I am a property owner in North Carolina USA and am adjacent to a large state park and many other acres of so called “game land”. In season, you can hear the sounds of high power hunting rifles daily. I often cringe over the possibility that a slug could inadvertently find me or my cattle and buildings. As to unwelcome visitors, we make strong efforts to thwart three and four wheeler gas powered vehicles from racing through and destroying our woods. We have our access points aptly posted with hardened fencing, locked gates, commercial signs and game cameras. We want to avoid loss of privacy, vehicular damage to the forest and close in firearm discharges. Our property is also transected by a Federally protected river. We have hardened those locations that could otherwise provide summer recreation to strangers spilling into our stretch of river, trashing the area with cans, bottles, wrappers, abandoned clothing, and evidence of unmentionables. We traveled in Scotland for three weeks on an individual tour, last May. I thoroughly enjoyed the ambiance in the wild, but I couldn’t shake the notion that I was trespassing on occasion, so I tried to stay on the beaten path for my own psychological comfort. Scotland’s culture accommodates visitors, as you wrote, but we will never see similar accommodations in the US. Remember, the US was settled not too long ago by fiercely independent and courageous individuals who settled lands and, by law, had to make claims to lands and work them to be able to keep them. The system worked for our ancestors as they struggled to survive and start new lives (including thousands from Scotland), but it has left a residual legacy of independence, privacy, and isolation in many, many areas. It is what it is, and we are grateful for our privacy laws. We are also grateful that the few folks who own Scotland land welcome us warmly for visits to our places of ancestral origin.

Keith SavageNo Gravatar April 14, 2016 at 12:00 PM

Well said, Jim. I’m also a landowner up here in Wisconsin, and though we may have different points of view in that respect we can agree on our shared appreciation of Scotland.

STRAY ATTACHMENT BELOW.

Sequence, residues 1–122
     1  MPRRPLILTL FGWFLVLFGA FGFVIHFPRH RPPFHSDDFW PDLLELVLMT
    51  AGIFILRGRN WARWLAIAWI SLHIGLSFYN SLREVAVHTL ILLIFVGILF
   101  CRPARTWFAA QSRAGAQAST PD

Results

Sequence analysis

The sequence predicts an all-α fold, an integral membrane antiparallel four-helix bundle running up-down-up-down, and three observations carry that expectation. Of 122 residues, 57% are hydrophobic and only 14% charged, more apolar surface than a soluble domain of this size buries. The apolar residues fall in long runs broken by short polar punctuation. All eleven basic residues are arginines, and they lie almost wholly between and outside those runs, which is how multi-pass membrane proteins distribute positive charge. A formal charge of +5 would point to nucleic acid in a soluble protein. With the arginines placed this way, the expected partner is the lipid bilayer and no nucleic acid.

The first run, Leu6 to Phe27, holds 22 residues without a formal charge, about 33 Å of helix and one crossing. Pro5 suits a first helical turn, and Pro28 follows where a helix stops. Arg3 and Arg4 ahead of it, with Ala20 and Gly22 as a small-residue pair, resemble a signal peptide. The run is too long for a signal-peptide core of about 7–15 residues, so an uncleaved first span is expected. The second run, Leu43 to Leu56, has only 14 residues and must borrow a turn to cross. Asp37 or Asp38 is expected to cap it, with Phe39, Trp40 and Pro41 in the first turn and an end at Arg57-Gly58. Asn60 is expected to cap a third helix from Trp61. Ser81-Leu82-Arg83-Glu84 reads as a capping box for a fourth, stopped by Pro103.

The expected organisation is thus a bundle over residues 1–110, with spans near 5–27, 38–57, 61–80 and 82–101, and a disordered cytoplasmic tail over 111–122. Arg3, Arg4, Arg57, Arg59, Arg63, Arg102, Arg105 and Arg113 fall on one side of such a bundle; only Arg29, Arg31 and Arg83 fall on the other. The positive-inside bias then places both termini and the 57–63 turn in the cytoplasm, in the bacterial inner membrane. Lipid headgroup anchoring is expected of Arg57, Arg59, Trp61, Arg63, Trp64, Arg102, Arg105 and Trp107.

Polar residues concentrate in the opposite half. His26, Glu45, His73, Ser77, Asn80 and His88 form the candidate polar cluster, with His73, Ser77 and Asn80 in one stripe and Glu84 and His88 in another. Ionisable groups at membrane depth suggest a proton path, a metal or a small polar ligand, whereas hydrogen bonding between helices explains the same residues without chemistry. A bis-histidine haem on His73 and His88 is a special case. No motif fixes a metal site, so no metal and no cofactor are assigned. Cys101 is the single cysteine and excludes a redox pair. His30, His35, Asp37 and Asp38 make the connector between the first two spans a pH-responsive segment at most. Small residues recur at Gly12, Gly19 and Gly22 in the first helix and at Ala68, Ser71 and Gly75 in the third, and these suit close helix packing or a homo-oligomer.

Neil MackeyNo Gravatar April 13, 2016 at 11:08 PM

Greetings, Keith! Hope this finds you hale and hearty…

Don’t know if I ever checked back with you after our three-weeker last August…thanks to your help and suggestions, and few route changes, we….had…a…BLAST!! 1,250 miles in the rental car (they upgraded us for free from a UK-spec gas Ford Focus to a 2-series BMW turbodiesel…better mileage and with diesel running $7/gallon USD, cheaper too!) turned it in with no damage (whew!) but will admit that both of the front rims were slightly more ‘polished’ than when we picked the car up! 🙂

Lows: None, except time just went by too quick!
Highs: Edradour whisky, Irn Bru, The Jacobite ride, the Tattoo performance and, an unexpected surprise…the Kelpies! They REALLY struck a chord with us, especially if you know the backstory behind the ‘models’ for the two horse heads

Already laying plans for our next trip…what do you know about Sutherland? That’s home to Clan Mackay and we’re thinking of exploring that area next. Perhaps Inverness up to Thurso and then over to the West Coast…will contact you for specifics via the “pay for advice” mehtod but just curious if you’ve spend much time up in that area. Not quite the “cachet” of the Highlands and other areas in Scotland, but I’m sure it’s beautiful in its own way…

Cheers,

Neil

P.S. For anyone else reading this, DO consider working with Keith on your Scotland travel plans. He knows his stuff!

Keith SavageNo Gravatar April 14, 2016 at 8:15 AM

Hi Neil,

Great to hear from you! Sounds like had an absolutely fantastic trip, and I couldn’t be happier to hear that. Looks like you did your fair share of roaming, too. Irn Brü, really?

I know a bit about Sutherland, but not as much as I’d like to. That’s why my next trip — just over a month away — focuses on the northern highlands including Wester Ross, Sutherland, and Caithness. It’s going to be fantastic and I will have plenty of recent rock-solid advice to provide by June. Look up the North Coast 500 to whet your appetite.

Thanks for checking back, Neil, love hearing tales from the road!
-Keith

Jeanette HillisNo Gravatar April 13, 2016 at 4:48 PM

Keith you have made my dreams of Scotland even more exciting with the words wanderlust ,exploration,serendipity,and Magic —all words I love to describe our travels thank you

Keith SavageNo Gravatar April 13, 2016 at 5:57 PM

You will not be disappointed.